Page images

milk will not ripen for churning, and in such case should be removed for a time to a temperature of 55 deg. The sudden warming of the milk will not always enable it to yield up its butter readily. One butter maker says: "Carefully conducted' experiments prove that more butter is obtained from a given quantity of milk when set in pans partly filled than when full.” This is in opposition to the theory of A. B. Dickenson.

A French chemist declares that butter may be made without churning, by the use of a filter made of white felt, in the form of a bag, in the four corners of which are inserted porous strings, like candle wick, to hasten off the fluid portion of the milk. The bag being suspended by the four corners, from twenty-four to thirty hours, the contents of the filter will be found to be of the consistence of " smear case” (soft cheese). This solidified cream is then placed in a linen bag, tied tight, and the bag kneaded like a roll of dough. In a few minutes the mass grows liquid, and the butter and buttermilk are separated.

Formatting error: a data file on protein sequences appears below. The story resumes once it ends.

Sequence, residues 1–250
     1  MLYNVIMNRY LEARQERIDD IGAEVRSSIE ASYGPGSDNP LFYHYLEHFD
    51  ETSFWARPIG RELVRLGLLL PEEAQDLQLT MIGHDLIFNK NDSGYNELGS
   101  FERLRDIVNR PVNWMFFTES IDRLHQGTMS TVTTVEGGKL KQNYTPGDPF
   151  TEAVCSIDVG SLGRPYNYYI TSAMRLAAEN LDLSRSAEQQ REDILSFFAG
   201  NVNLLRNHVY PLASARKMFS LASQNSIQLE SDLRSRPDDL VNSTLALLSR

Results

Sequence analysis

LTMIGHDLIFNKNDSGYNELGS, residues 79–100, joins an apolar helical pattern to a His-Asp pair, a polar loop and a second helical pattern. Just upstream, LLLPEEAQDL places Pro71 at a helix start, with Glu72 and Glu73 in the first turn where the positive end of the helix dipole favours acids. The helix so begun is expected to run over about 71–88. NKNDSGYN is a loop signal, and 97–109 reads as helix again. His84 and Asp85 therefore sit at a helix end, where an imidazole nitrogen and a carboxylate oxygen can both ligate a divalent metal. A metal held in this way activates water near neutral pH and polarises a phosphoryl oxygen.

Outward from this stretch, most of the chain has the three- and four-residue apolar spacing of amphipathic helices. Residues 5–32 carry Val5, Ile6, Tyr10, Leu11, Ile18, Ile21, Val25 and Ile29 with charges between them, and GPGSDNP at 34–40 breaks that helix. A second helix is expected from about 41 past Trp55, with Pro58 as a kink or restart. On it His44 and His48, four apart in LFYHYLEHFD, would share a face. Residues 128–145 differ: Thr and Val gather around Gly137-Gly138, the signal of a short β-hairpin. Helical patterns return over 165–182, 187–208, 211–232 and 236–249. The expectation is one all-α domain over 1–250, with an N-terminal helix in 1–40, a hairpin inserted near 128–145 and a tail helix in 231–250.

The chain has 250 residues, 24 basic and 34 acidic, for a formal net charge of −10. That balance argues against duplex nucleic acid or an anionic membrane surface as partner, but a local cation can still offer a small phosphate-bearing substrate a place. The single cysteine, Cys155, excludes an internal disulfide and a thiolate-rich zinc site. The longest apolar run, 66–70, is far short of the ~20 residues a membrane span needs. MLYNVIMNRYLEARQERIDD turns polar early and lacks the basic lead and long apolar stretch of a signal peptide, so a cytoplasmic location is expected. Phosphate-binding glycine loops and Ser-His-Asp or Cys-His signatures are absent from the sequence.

One large butter maker says:

"I use a horse-power churn, of a capacity sufficiently great to make 120 pounds of butter. I always try the temperature of my churn before putting in the cream. If below 55 deg., I raise it to that point with warm water, and keep the cream as near that point as possible. As soon as the cream is in the churn I start the horse, and keep him moving at a steady gait until the butter is broken, or begins to gather in small lumps. Opposite the opening through which the cream is poured into the churn is an inch hole, which is stopped with a plug. When the butter is formed as above stated, I open this hole and draw off the buttermilk, then start the horse again, and keep him going until I gather the butter into a solid